Here are the tips offered by Design*Sponge (paraphrased by yours truly):
- Block out your most productive, creative times on your calendar, and plot out priorities.
- I'm literally blocking out my calendar for 9 a.m. - 3 p.m. every day to focus on my top priority, most creative projects. At the end of every day, I'm going to try to write my top 3 priorities for the next day, too. Often I'm rushing around and then arrive to work unfocused, then get distracted by email and "this must be done now!" stuff, and things get out of whack. Same with weekends -- I still want to relax and rejuvenate on the weekends, but I also want to set aside 1-2 hours for priorities I can't get to during the week. Like, free/creative writing and blog stuff, basically.
- Work ahead of schedule.
- This is really hard. But it feels oh-so-good to be on top of things.... so I'll try.
- Create energizing space in your day.
- I accidentally make this some sort of New Year's resolution every year, I've realized. Creating space can easily mean "doing absolutely nothing with a glass of wine in hand while watching Scandal because wine helps me relate to Olivia Pope better." That's okay, but I need to create energizing space. I usually do that through yoga but I want to include daily reading/writing space as well.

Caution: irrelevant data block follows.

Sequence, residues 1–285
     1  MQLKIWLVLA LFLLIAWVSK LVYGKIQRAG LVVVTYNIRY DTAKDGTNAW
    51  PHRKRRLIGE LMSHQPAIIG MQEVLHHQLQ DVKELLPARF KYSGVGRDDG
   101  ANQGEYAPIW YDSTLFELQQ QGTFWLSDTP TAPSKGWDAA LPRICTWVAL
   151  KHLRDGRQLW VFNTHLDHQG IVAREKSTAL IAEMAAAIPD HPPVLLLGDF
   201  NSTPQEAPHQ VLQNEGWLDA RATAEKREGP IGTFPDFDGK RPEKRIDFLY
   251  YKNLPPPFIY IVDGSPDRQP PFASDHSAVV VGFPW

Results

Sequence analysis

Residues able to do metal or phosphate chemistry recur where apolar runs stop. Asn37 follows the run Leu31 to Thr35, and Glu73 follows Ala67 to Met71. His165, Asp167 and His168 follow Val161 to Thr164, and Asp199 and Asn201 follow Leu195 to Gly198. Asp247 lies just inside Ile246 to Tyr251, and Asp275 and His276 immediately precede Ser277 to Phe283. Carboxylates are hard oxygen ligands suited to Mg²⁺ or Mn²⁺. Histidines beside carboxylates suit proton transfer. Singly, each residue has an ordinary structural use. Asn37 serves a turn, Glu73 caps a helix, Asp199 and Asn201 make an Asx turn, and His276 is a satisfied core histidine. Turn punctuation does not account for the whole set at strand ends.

- Let go of expectations.
- Soooo pretty much a life practice in all areas, over and over.
- Plan for the next day, energy-wise: what fills you up v. what sucks your energy away.
- Sometimes I just set my schedule and agree to things without really thinking it through. For instance, I keep making plans on Monday nights when I know by 5 p.m. Monday I want nothing more than to go to yoga, do laundry and hang around the apartment. I never want to be social on a Monday night; I want to be a homebody to the max. Anything else steals my energy, whereas planning to be social on Wednesdays-Saturdays feels much more fulfilling and fun and I actually follow through on it. Same idea with work -- if I notice my tomorrow is full of meetings, I need to proactively think about how I can avoid momentary burnout throughout the day.
- Know how you work best (because now you do!) and don't apologize for it.
- I actually just had a performance review and got feedback about being a "quiet leader." I've struggled with this over the years, but honestly, I'm tired of apologizing for it and trying to be somebody I'm not. I'm a naturally quiet person; I'm a natural listener and thinker before a speaker and actor. It's good for me to push against this, but I also know that it's simply who I am. And I've done quite well thus far being that person!
In a week or so, I'll be back with an update on how this effort is going. If you're participating in this exercise, share your plan going forward!